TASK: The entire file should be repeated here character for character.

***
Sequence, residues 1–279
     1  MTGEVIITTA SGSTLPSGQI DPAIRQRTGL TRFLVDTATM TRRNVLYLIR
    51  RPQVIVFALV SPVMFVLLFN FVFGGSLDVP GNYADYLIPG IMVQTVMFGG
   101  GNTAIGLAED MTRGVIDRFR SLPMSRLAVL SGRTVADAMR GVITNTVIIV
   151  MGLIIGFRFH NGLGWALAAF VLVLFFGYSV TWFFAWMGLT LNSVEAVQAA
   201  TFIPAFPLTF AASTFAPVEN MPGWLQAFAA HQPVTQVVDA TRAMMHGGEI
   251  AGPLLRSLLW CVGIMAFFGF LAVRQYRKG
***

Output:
Sequence, residues 1–279
     1  MTGEVIITTA SGSTLPSGQI DPAIRQRTGL TRFLVDTATM TRRNVLYLIR
    51  RPQVIVFALV SPVMFVLLFN FVFGGSLDVP GNYADYLIPG IMVQTVMFGG
   101  GNTAIGLAED MTRGVIDRFR SLPMSRLAVL SGRTVADAMR GVITNTVIIV
   151  MGLIIGFRFH NGLGWALAAF VLVLFFGYSV TWFFAWMGLT LNSVEAVQAA
   201  TFIPAFPLTF AASTFAPVEN MPGWLQAFAA HQPVTQVVDA TRAMMHGGEI
   251  AGPLLRSLLW CVGIMAFFGF LAVRQYRKG